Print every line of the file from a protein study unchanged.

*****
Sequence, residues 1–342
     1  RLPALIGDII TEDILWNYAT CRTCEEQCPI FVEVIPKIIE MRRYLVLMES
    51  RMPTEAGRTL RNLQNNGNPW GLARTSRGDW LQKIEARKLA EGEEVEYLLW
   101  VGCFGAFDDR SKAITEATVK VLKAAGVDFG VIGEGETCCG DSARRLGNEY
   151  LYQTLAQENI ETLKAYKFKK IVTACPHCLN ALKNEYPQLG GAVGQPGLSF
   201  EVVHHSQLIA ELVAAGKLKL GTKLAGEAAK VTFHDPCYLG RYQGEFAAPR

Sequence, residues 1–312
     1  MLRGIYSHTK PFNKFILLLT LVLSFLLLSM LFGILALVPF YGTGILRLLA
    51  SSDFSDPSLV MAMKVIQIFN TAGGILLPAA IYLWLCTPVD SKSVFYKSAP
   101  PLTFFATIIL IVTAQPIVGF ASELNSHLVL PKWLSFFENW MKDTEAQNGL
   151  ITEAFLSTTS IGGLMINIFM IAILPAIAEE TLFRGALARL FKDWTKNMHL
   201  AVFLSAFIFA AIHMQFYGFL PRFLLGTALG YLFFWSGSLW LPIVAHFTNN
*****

Sequence, residues 1–342
     1  RLPALIGDII TEDILWNYAT CRTCEEQCPI FVEVIPKIIE MRRYLVLMES
    51  RMPTEAGRTL RNLQNNGNPW GLARTSRGDW LQKIEARKLA EGEEVEYLLW
   101  VGCFGAFDDR SKAITEATVK VLKAAGVDFG VIGEGETCCG DSARRLGNEY
   151  LYQTLAQENI ETLKAYKFKK IVTACPHCLN ALKNEYPQLG GAVGQPGLSF
   201  EVVHHSQLIA ELVAAGKLKL GTKLAGEAAK VTFHDPCYLG RYQGEFAAPR

Sequence, residues 1–312
     1  MLRGIYSHTK PFNKFILLLT LVLSFLLLSM LFGILALVPF YGTGILRLLA
    51  SSDFSDPSLV MAMKVIQIFN TAGGILLPAA IYLWLCTPVD SKSVFYKSAP
   101  PLTFFATIIL IVTAQPIVGF ASELNSHLVL PKWLSFFENW MKDTEAQNGL
   151  ITEAFLSTTS IGGLMINIFM IAILPAIAEE TLFRGALARL FKDWTKNMHL
   201  AVFLSAFIFA AIHMQFYGFL PRFLLGTALG YLFFWSGSLW LPIVAHFTNN